If we accept the basis of the Abrahamic God, the concept of sin, atonement, etc then the story of Jesus and his “sacrifice” makes sense within that world.  If someone had written a set of science fiction novels that told the essence of the story within the Old Testament, the New Testament story (assuming we could actually boil it down to a single coherent narrative) would be a sequel that would make sense within that universe.

This is not to say that the universe that it makes sense in is this real universe.  This is what the discussion about religion and society comes down to when we are dealing with the truth.  Religious ideologies are meaningful, important to the adherents, and interesting to many, but they are not true in the same sense that it is true that when a particle and an anti-particle meet, they annihilate each-other and a photon is emitted.

Nice costume! Is that from Babylon 5?
Nice costume! Is that from Babylon 5?

Good science fiction does not need to be strictly scientifically true to be good.  The reason is that we can tell meaningful stories within imaginary worlds that tell us things about ourselves.  Good science fiction is an expression of our humanity on a different canvass.  Theology is no different, except that those that read science fiction realize (at least I hope they do) that they are reading about imaginary worlds.  Imagination and creativity are great, and without them culture would be poorer.  But it is time for people to realize that fantasy and theology are akin in ways that seek to provide a space for people to guide their real lives by imagination.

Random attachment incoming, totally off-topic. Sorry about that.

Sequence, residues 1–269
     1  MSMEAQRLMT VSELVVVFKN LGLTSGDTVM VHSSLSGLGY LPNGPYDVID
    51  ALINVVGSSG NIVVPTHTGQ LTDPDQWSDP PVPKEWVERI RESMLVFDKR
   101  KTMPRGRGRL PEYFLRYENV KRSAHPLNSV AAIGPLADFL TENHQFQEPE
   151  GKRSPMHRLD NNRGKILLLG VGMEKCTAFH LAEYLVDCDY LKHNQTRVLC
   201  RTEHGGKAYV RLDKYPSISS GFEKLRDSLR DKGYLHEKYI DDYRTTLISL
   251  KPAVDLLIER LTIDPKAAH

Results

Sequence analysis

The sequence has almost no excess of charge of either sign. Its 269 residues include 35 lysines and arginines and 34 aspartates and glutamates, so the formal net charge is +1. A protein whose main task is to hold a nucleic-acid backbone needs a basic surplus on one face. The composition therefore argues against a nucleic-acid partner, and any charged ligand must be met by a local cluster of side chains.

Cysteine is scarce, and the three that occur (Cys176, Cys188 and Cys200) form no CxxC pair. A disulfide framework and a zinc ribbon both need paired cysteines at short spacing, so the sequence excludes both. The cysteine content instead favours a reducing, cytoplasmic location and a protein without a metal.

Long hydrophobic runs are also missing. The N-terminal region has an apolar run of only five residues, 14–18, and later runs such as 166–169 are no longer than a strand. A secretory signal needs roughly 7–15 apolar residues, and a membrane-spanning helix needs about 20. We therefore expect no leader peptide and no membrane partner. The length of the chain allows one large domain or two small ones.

A future female Pope's costume?
A future female Pope's costume?

Both George Lucas and the Pope are very wealthy people who live very comfortably.  But we all admit that George Lucas tells stories.  From my point of view, the Pope simply became the new leader of an old story that people keep paying money to see and live within.  The Catholic church is one example of a never-ending convention of people pretending that the story of Jesus is true.  At least with science fiction, most of the convention people go home and put away the costume after a fun weekend.  And if they don’t, we think they are a little weird.

I think that people that think Osiris, Jesus, and Thor are all real are a little weird.

4 thoughts on “Theology and science fiction

  1. “If someone had written a set of science fiction novels that told the essence of the story within the Old Testament,”

    And if 14 authors, most of whom had no contact with each other, over a 2,000 year period, wrote a coherent story of atonement?

  2. If you are surprised that people could read older works and write new stuff that cohered with it you are missing something crucial. It is no different than me writing a new book in the Star Wars universe that cohered with the other books.

  3. I’m not surprised by that. I’m surprsed by over a dozen authors, unknown to each other and whose works or by and large unknown to each other writing a cohesive text that tells one story.